Cambodian Catholics Get Cathedral Back

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by Rodney Pelletier  •  •  January 4, 2018   

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KAMPOT, Cambodia ( - Catholics in Cambodia are rejoicing after the government has returned their 100-year-old cathedral.

The small cathedral, located near the top of a mountain, is currently empty, and there is no active Catholic community in Kampot. It took several years of petitioning the government and the company, who bought the property on the mountain, to give the property back to Catholic use.


Environmental Minister Say Samal declares he will do anything he can to assist Catholics to renovate and preserve the building, saying, "It means that the government recognizes all religions and the people's right to practice their faith."

Gianluca Tavola, of the Pontifical Institute for Foreign Missions, noted the local Catholics learned of the government's decision on December 19. He also noted that since there isn't a native Catholic community in the vicinity of the building it will most likely be turned into a shrine where pilgrims from all over Cambodia can visit and pray.

The church at Kampot

He adds, "Given the beauty of the place, this will be a reference point for pilgrimages and spiritual retreats for the Catholics of Kampot and all of Cambodia, if we can build the necessary structures that is."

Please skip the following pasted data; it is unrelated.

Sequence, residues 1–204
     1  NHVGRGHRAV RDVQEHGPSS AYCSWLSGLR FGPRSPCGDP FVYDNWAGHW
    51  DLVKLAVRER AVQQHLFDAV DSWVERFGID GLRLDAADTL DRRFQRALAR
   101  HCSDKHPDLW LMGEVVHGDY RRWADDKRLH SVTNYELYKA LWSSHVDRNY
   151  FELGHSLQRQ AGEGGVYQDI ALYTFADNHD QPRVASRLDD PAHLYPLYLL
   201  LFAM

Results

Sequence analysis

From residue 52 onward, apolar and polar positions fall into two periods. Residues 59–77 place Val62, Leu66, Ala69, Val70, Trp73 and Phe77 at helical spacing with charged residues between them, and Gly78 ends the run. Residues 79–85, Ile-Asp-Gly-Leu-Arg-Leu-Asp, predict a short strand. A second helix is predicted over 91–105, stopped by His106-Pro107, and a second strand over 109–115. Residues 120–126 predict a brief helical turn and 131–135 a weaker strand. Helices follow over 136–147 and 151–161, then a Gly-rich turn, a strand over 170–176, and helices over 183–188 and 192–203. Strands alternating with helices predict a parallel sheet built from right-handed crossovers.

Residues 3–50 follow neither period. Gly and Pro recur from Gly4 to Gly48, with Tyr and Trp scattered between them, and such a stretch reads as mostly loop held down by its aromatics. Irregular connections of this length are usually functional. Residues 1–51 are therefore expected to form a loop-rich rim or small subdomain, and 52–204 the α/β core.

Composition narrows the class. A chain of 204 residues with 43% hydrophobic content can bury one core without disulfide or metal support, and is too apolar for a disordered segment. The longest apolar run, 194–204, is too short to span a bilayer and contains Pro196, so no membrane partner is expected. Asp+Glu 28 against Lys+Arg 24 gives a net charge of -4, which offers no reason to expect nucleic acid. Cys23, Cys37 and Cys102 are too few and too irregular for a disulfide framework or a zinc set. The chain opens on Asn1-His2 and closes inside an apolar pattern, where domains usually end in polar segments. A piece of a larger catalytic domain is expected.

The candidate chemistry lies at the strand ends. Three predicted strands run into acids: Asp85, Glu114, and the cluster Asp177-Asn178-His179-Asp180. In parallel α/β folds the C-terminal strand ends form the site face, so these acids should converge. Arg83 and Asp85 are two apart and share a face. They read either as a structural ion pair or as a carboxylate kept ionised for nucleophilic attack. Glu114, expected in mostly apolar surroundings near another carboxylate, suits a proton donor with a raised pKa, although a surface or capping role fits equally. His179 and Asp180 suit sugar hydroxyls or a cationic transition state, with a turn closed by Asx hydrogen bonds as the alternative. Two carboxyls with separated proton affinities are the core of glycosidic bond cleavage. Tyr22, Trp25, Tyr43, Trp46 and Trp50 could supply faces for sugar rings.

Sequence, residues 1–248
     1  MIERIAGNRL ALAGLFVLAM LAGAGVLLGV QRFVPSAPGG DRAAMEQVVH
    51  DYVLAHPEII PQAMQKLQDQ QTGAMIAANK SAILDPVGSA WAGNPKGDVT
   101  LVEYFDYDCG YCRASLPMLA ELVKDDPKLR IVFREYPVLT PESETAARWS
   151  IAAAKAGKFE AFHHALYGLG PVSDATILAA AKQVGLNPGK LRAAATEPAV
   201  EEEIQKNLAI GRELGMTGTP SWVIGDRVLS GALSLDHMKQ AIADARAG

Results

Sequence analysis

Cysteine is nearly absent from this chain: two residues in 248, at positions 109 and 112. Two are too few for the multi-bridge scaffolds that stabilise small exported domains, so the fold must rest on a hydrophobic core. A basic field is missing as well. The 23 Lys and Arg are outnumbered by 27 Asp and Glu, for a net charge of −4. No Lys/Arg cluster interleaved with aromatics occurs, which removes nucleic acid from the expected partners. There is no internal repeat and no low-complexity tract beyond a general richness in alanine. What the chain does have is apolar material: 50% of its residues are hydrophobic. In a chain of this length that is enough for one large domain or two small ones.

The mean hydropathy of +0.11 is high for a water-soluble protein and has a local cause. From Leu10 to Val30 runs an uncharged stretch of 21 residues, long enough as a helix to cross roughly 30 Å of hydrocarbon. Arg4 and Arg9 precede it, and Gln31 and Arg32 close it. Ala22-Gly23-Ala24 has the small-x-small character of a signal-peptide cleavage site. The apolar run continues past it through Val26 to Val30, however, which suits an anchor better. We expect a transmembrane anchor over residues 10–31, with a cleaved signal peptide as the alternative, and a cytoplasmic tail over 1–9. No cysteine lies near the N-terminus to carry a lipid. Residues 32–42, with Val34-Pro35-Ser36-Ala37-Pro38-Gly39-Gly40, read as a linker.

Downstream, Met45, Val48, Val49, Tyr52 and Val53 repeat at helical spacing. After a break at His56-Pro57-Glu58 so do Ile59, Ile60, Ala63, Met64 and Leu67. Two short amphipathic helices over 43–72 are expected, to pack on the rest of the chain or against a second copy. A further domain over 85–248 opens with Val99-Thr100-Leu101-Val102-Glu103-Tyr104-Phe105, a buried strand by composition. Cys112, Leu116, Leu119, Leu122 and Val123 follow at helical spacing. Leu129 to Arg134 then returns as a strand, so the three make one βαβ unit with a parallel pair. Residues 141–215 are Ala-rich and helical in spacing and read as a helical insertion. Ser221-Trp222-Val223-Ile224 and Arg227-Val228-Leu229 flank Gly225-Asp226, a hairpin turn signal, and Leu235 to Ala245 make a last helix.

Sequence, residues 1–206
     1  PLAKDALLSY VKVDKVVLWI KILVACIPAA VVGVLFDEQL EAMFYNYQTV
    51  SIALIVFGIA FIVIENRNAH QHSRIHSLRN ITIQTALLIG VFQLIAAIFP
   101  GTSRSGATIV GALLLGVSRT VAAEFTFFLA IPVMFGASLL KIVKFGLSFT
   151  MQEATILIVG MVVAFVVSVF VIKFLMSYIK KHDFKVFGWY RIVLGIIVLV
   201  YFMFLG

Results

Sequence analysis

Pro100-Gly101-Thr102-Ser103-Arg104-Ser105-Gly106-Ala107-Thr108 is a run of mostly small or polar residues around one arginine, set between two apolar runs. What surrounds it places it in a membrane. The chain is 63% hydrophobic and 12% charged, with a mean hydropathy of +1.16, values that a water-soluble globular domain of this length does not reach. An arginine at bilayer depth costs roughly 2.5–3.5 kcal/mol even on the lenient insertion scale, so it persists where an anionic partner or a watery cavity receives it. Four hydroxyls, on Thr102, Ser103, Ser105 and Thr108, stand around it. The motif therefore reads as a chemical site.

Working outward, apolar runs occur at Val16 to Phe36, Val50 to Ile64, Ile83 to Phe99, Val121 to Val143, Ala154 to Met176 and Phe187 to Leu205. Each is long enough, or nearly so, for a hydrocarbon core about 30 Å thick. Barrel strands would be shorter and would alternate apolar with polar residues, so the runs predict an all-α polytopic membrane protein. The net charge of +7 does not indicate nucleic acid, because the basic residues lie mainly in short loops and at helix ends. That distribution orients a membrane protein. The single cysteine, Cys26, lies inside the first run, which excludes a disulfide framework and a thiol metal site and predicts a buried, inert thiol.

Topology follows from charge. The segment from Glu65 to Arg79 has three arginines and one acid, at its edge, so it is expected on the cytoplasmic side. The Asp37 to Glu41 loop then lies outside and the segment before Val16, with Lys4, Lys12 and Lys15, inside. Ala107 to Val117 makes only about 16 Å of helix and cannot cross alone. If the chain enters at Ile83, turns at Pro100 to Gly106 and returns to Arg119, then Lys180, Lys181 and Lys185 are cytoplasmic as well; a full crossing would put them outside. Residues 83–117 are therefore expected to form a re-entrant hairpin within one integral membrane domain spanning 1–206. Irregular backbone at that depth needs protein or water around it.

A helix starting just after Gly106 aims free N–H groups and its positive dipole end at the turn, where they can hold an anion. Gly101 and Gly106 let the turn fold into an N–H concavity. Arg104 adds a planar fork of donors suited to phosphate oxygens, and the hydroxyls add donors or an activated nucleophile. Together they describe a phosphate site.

The cathedral, dating back to when French colonial forces occupied the Asian country in 1917, is located in southern Cambodia. It was abandoned when the brutal Communist dictatorship known as the Khmer Rouge overtook the country in the early 1970s.

A Portuguese Dominican friar was the first European to bring the faith to the Khmer people in the 16th century. After 10 years, however, he had only baptized one person and left the country declaring his efforts a failure.

The French, however, occupied the country in the late 19th century and brought Catholicism with them. By 1953, there were about 120,000 Catholics, but the numbers dwindled to about 20,000 after the French pulled out.

There are about 75,000 Catholics in Cambodia. Numbers have gone up since the death of Pol Pot in 1988 who vigorously persecuted Catholics when he came to power.

Many of Cambodia's Catholics are actually ethnically Vietnamese, having moved to the country after Communist North Vietnamese arrived as an occupation force in 1971.

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